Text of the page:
Michael Graves School of Design
This proposal for the Michael Graves School of Design is at once a critique of the banal office park architecture of the site and the programmatic composition of Rudolph Hall. A diaphanous glass box hosts intertwined studio spaces and faculty offices. Rather than a traditional voided center such as in Rudolph Hall, the building is filled with a colored sculptural condenser of shared spaces that include auditoriums, classrooms, fabrication facilities and student lounges. This social center, conceivably caught in amber, is suspended from above and sculpts space throughout the box in order to maintain a dynamic visual connection to the open studios that surround it. It designates a space for student ownership and fosters communication with the greater public by glowing from within. Volatility is engendered by the center’s tension with the rigid box, alluding to the inherent power and activism of the collective student body.
Rome: Continuity and Change
The wall is an aggregation of 14 unique bricks that were CNC carved from foam blocks. The bricks aggregate and nest into each other to form the wall without any for nails or glue. The nested bricks are held by friction and connected by 3D printed clamps that cinch them together. Instead of remaining a static partition, the bricks are interactive and responsive to movement. As people move around the wall, the bricks undulate at their centers. A motor pulls the white fabric stretched over each brick inward to its center-- the motion mimics the poking of a belly button. The wall becomes more than a barrier by interacting with its environment. The responsive brick makes it possible to perceive movement on the other side of the wall without having to see it.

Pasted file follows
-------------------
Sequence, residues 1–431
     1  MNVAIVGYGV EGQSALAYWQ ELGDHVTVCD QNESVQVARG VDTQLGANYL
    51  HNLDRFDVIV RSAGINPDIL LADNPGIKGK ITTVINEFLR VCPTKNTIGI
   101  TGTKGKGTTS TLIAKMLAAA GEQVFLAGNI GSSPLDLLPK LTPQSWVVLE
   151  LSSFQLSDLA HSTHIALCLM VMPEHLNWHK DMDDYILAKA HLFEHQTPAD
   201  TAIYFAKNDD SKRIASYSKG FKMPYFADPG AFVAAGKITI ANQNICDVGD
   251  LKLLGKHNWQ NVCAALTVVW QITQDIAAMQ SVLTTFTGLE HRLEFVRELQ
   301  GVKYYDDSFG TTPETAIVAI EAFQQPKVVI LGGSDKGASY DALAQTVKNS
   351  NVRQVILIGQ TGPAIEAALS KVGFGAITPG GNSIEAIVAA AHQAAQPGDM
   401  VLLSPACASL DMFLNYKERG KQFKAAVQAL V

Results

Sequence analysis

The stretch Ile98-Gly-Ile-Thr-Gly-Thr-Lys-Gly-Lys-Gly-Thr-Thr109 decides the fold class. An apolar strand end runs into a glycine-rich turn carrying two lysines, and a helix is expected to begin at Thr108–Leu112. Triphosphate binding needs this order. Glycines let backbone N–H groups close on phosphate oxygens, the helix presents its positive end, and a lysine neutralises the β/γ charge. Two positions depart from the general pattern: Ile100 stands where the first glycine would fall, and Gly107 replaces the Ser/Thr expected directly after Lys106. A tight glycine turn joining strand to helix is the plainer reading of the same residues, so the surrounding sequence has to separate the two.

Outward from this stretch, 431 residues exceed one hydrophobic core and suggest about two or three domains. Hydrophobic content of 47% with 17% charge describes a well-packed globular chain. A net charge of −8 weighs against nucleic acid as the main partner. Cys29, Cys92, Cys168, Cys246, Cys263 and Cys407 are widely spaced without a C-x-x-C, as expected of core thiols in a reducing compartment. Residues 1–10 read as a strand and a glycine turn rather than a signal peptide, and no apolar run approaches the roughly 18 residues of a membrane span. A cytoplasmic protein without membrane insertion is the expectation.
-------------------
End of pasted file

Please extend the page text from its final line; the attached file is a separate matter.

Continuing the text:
A Shaker community is reimagined according to a dwelling code based on Maslow’s Hierarchy of Needs. Various elements of a Shaker dwelling are reorganized into an over-scaled megastructure according to parameters of physiology, safety, belonging, esteem, and self-actualization. Sleeping pods, excessive built-ins, and embedded lookouts cluster around an amplified Shaker staircase to collectively conjure a critique of the ritualistic and uncanny architectural tendencies of Shaker life. The final proposal for a house in New Haven echoes these ideas of psychological human needs and the architectural methodology of the Shakers by emphasizing communal space and anchoring it with the stair. An internal volume of social space thrusts through the house and connects internal space with external context; gesturing towards the neighborhood and mediating the corner condition of the site. Formal composition is directly linked to the hierarchy of social volumes, connection to the outdoors, and the distribution of natural light.
This project aims to mediate the abrupt juxtaposition of the bucolic landscape of the site with the adjacent commercial context and highway. By using the context as a generative tool, the major programmatic components of the project were placed in line with existing buildings and turn their backs to the street. In the interstitial zone between buildings, an artificial landscape pushes back on the commercial context, creating an oscillation of land mass and building across the site. A corridor traverses this oscillation, making the inhabitant aware of the contextual mediation occurring on the site. The project aims to suspend the inhabitant within and deny the comprehension of zero. At high tide, the built planes and axial corridor flood and destabilize the ground plane further. The architecture, in effect, blurs the distinction between the natural and the artificial by not only inverting the landscape with man-made construction, but also constantly fluctuating in water level throughout the day.